Posts Tagged ‘cultural property’

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Raid lifted veil on ISIS’s smuggling records

October 15, 2015

Recently declassified materials show the extent to which an Islamic State of Iraq and Syria (ISIS) financier used antiquities smuggling for revenues.  The scope of ISIS’s reliance on smuggling artifacts has been a point of disagreement among analysts for several years.  The indications from a May raid against ISIS are that at least hundreds of millions of dollars worth of transactions have been involved.  Roll tape from CBS News:

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What can be done: looting counter-offensive

July 21, 2015

Deutsche Welle has interviewed archeologist Mark Altaweel about the Islamic State of Iraq’s plundering of antiquities.  DW asked Altaweel what can be done to help stop this problem, and he offered some good ideas:

First, try to learn a little bit from blood diamonds – put a stigma on these things so that people are not buying ancient antiquities. It’s hard to say for a lot of these things if they are truly coming from Syria or Iraq. I think if we put a negative stigma on buying antiquities – that would help. It’s not completely possible for the police to control this.

Second, I do think we need some kind of high-profile police action to put a little more deterrence and certainly tighten up the laws and continue to pressure countries like Turkey and Lebanon [to stop] receiving these objects near their borders. I know Turkey has been clamping down a little more lately, which is good. But Lebanon certainly needs to be held accountable.

Good point.  A UN resolution and a lawsuit by a dig site in Iraq against a museum in Istanbul or Beirut won’t get very far very fast.  But putting some dealers in jail immediately would make a definite impression.  Or arrest some of the middlemen smugglers and get them to turn against their overlords.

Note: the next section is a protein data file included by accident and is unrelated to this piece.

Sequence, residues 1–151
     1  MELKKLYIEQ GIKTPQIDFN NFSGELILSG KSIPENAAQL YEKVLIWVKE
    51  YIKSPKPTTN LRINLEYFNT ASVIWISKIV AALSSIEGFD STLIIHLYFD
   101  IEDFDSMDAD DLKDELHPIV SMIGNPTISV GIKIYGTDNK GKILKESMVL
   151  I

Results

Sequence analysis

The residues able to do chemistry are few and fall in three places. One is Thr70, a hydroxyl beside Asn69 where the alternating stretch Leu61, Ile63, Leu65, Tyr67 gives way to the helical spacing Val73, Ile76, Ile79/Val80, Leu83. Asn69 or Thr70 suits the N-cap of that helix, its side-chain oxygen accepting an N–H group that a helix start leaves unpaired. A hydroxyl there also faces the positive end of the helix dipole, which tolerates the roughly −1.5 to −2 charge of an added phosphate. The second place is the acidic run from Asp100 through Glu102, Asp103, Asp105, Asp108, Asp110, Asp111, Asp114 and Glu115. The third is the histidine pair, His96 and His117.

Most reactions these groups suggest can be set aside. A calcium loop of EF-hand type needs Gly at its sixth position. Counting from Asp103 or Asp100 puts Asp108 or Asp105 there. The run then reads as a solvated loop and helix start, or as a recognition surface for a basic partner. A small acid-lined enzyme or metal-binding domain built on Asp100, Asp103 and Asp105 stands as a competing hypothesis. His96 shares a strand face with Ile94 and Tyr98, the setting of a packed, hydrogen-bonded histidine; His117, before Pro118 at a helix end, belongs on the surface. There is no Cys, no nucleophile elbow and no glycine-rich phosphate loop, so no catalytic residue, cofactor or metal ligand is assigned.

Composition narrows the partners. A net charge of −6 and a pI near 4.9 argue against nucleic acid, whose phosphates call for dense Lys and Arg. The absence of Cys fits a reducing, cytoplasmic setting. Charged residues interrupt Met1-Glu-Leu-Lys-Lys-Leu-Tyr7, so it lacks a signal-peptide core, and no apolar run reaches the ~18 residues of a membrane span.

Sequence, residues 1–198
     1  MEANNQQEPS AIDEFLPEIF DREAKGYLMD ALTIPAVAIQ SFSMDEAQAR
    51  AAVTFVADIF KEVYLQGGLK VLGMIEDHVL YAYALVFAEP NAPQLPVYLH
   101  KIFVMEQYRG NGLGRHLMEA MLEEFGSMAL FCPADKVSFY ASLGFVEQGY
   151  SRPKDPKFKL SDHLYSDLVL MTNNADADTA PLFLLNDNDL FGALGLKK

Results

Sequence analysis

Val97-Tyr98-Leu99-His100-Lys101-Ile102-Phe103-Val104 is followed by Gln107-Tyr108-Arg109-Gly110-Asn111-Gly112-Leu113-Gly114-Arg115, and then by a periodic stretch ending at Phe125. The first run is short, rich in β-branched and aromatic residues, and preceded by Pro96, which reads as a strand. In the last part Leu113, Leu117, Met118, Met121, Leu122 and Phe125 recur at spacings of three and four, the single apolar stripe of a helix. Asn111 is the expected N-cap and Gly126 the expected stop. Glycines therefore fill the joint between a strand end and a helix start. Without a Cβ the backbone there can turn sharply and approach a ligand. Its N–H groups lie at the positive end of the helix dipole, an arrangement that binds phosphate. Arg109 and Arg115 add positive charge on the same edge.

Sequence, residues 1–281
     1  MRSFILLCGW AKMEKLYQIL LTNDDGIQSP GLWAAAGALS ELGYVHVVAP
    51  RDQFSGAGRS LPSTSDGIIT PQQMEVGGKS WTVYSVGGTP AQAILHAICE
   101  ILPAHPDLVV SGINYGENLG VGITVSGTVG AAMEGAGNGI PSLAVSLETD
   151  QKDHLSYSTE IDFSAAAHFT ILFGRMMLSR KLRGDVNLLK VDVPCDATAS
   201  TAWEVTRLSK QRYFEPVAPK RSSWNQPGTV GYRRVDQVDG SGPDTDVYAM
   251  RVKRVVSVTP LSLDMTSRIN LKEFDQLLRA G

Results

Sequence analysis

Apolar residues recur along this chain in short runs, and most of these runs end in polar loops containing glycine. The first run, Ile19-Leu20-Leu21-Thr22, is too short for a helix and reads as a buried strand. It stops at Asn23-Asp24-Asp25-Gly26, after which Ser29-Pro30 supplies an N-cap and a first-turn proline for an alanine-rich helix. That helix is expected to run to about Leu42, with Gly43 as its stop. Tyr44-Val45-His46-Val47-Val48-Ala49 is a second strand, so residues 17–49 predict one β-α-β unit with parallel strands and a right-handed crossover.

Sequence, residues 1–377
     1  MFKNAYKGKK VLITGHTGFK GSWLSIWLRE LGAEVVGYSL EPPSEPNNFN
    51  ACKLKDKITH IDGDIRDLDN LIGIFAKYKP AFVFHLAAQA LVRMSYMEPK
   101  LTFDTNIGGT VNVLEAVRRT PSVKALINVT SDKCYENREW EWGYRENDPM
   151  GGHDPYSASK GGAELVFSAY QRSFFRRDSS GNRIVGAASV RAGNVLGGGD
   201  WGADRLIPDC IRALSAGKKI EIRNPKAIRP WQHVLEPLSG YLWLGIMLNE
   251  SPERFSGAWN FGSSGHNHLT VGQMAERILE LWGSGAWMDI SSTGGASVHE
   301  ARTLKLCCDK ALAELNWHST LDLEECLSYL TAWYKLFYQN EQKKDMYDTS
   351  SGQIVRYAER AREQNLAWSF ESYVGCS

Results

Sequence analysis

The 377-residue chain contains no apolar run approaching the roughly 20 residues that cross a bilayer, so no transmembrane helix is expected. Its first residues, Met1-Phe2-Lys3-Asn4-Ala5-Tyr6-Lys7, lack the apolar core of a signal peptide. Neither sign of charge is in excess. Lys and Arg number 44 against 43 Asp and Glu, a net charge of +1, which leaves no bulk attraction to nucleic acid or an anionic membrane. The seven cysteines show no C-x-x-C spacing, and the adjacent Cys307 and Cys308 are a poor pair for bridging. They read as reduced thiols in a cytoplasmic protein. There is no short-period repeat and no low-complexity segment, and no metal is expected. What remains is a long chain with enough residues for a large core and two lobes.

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How Baathists cashed in before checking out

July 19, 2015

Further clues have emerged that that the looting of museums following the 2003 invasion of Iraq wasn’t really the result of lax security or random looters from the street.  It was probably a systematic inside job by an organized syndicate of corrupt Baathist officials before they went underground.  The antiquities they stole were either sold to help fund the insurgency or were kept by former officials who later joined AQI which became ISIS.

At least the Washington Post reported on the discovery (h/t MFS001), although it buried the most important connection in paragraph 15 of a 17 paragraph article (in bold below, emphasis mine):

Artifacts looted during the Iraq invasion turned up in the house of an Islamic State leader

BAGHDAD — The United States handed over more than 400 ancient artifacts to Iraq on Wednesday, part of ongoing efforts to repatriate the country’s looted heritage. But this latest batch has a particularly intriguing back story — the antiquities were seized by U.S. Special Operations forces members as they raided the house of a leader of the Islamic State militant group.

The nighttime operation to capture the militant took place in eastern Syria in May, and the Delta Force troops did not come back with their prize. It was their first such ground mission in the country, and their main target, a man known as Abu Sayyaf who ran oil operations for the Islamic State in the area, was killed in an ensuing firefight.

But as the commandos scoured the compound for documents and laptops that could provide intelligence about the organization, they stumbled across artifacts thought to be dating back as far as 4,000 years.

Among them was a religious text written in Aramaic, the ancient Semitic language said to have been spoken by Jesus. An official at the National Museum of Iraq in Baghdad said Wednesday that it was about 500 years old but has not yet been properly dated. (Museum officials also said that, as with many of the items found, they could not be sure whether the text was of Syrian or Iraqi origin.)

There were hundreds of coins — some of them gold from the Abbassid era, others silver pieces from the Umayyad period. There were stone cylindrical seals from the ancient city of Nimrud and fragments of pottery.

The presence of the artifacts in Abu Sayyaf’s house is perhaps not surprising. The Islamic State’s “Diwan al-Rikaz” — a ministry overseeing precious resources — has departments in charge of both oil and gas and antiquities. Abu Sayyaf may well have had a role in the sale of these resources…

…Among the items found in the house were three Babylonian stone seals, which officials said were stolen in 2003 from the National Museum of Iraq in Baghdad during the chaos that followed the U.S.-led invasion of Iraq. Their museum numbering is still visible…